When 1,300 Bangladeshi garment workers started to organize a trade union at their factory in the Gazipur suburb of Dhaka, the capital, they faced an uphill battle.
However, with assistance from their union federation, the Bangladesh Independent Garment Workers Federation (BIGUF) and the Solidarity Center, and by working to develop a constructive relationship with their employer, Masco Cotton, both sides have been able to sit down and negotiate and resolve issues in the factory. And the dynamics have changed.
“I am very happy that we have established a good relationship with our employer, but it hasn’t been a smooth path,” said Faruk, president of the Masco Cotton Ltd. Workers Union. “At first, I was suspended along with three other workers for trade union activity, and it was two and a half months before we were reinstated.”
Faruk continued, “It took a lot of hard work for us to make the employer understand our problems. The training we received from BIGUF helped a lot. They trained us how to talk to and negotiate with the management.”
Sanjida Akhter, worker and president of Masco Industries Ltd. Workers Unity Union (one of the three union factories affiliated with BIGUF in the five-factory group) said, “Before we formed a union in our factory, (the workers) had no way to communicate with our employer. But now things are different. Management will even approach the union to work out and discuss issues in the factory.”
Through the process of negotiation, workers in the union factories have bargained with their employer to ensure they receive their salaries on time, and to increase attendance and other bonuses as well as night-shift differentials. The unions and management now meet monthly to discuss routine labor disputes and other issues. For example, they met most recently to negotiate leave for the religious holiday Eid and to increase the number of fans on the factory floor.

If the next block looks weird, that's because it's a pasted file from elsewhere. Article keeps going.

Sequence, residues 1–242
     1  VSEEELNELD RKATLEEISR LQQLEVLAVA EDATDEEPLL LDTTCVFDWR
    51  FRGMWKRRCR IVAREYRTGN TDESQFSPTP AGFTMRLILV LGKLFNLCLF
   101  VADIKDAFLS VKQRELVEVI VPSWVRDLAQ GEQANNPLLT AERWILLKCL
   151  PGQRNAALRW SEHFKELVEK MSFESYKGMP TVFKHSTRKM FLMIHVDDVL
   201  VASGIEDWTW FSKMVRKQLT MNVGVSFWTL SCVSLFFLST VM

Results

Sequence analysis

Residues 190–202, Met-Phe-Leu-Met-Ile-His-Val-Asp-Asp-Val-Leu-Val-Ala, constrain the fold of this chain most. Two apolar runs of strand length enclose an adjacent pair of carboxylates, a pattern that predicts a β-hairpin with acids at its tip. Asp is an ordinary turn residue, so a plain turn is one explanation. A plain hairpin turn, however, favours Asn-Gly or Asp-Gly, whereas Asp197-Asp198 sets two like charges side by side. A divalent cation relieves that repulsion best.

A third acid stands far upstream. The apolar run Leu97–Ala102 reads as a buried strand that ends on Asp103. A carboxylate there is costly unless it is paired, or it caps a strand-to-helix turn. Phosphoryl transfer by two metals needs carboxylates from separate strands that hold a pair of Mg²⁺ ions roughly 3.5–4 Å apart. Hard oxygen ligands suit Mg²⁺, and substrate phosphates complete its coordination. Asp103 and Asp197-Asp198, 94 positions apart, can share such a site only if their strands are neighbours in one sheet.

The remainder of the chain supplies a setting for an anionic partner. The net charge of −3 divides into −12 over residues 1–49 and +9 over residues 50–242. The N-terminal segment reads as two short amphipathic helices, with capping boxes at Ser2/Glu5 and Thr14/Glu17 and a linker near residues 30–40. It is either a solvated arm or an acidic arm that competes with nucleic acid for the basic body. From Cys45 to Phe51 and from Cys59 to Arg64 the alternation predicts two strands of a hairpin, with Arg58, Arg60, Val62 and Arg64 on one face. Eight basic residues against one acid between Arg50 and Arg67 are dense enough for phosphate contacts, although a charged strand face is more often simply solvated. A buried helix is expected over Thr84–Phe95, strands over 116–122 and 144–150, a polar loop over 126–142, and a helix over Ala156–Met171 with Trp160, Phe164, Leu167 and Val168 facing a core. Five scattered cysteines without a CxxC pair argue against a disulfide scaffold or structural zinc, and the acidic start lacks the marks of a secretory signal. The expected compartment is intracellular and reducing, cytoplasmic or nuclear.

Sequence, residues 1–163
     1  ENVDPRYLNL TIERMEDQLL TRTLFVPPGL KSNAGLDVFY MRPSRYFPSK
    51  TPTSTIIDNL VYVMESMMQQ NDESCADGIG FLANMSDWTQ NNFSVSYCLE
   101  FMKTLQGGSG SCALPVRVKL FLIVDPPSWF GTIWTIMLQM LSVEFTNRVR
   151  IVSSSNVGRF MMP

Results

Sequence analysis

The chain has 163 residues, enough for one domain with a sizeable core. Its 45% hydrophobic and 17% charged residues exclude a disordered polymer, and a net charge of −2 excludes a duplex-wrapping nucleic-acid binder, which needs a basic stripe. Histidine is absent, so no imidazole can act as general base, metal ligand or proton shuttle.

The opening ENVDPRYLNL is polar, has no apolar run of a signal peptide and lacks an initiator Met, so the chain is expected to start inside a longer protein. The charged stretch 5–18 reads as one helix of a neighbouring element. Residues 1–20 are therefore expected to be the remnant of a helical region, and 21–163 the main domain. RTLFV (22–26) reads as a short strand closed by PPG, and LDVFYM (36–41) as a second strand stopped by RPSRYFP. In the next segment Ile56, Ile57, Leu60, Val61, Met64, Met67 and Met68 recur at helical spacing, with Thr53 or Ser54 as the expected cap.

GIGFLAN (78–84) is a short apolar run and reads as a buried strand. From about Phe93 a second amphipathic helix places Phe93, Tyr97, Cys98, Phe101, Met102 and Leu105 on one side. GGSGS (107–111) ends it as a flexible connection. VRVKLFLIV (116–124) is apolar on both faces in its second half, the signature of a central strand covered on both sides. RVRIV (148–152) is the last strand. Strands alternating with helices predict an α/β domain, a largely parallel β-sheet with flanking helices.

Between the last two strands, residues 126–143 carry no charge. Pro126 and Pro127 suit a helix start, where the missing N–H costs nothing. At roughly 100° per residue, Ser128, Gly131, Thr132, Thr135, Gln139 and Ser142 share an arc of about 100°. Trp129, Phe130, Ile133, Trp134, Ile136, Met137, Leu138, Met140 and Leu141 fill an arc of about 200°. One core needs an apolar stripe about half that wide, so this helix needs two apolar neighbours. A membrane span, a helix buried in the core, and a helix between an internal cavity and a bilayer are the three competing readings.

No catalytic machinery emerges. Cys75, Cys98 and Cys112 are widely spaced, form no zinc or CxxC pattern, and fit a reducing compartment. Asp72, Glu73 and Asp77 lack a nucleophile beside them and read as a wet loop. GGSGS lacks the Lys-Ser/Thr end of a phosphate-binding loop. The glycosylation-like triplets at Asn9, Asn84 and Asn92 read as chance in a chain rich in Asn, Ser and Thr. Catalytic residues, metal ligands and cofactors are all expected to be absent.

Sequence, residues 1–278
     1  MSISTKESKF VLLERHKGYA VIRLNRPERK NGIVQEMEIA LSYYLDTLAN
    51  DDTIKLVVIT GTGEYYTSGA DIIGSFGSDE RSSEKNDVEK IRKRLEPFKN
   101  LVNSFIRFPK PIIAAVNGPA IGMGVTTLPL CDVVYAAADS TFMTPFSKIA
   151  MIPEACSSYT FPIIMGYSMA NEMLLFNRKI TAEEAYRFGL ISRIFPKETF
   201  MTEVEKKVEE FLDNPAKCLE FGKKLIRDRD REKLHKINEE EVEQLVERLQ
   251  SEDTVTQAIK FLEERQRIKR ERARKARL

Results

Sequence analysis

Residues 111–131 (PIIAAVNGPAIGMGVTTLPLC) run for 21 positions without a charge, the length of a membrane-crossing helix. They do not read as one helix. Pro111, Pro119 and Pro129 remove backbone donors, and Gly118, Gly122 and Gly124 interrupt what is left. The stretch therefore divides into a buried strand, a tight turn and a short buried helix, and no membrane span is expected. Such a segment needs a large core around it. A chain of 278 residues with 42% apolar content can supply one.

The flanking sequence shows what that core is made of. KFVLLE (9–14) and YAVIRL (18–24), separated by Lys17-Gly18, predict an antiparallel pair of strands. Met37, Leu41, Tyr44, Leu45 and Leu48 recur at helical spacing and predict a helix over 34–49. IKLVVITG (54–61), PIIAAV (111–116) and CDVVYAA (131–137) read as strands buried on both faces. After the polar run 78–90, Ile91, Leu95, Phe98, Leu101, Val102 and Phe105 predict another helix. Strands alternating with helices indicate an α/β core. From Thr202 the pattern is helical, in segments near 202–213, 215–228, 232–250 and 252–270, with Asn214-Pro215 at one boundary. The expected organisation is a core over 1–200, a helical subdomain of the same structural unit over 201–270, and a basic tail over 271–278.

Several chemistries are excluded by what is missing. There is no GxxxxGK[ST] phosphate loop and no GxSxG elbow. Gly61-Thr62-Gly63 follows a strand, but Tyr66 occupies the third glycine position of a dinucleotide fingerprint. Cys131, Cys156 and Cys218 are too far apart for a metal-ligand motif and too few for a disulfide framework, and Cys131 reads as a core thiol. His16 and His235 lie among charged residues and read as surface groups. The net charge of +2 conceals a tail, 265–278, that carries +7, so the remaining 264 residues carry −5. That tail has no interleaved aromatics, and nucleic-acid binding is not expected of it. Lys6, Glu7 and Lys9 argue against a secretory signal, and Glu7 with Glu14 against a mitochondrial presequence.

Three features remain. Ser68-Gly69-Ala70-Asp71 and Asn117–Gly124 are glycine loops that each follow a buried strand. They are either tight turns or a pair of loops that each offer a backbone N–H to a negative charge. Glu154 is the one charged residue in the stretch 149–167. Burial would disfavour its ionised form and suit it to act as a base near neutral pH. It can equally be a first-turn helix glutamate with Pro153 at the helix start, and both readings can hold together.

“Though the workers now have built a much more positive relationship with the employer, initially we had some serious challenges,” said Raju, acting general secretary of BIGUF. He said that despite some workers losing their jobs and one of the union applications being rejected three times before it was registered by the Joint Director of Labor (JDL), they worked hard to demonstrate to the employer that worker empowerment through a trade union could be beneficial for the factory overall if both sides sat down and negotiated.
Mahbubul Alam, executive director of the Masco factory group said, “There is a prevailing negative opinion about trade unions among employers … but it can be beneficial for both the workers and the employer when we work with the unions. If we want to ensure harmony in the factory, we need to maintain a good relationship with workers—and we took this on as a challenge. If we can do it, we can be an example to other RMG (ready-made garment) factories in Bangladesh.”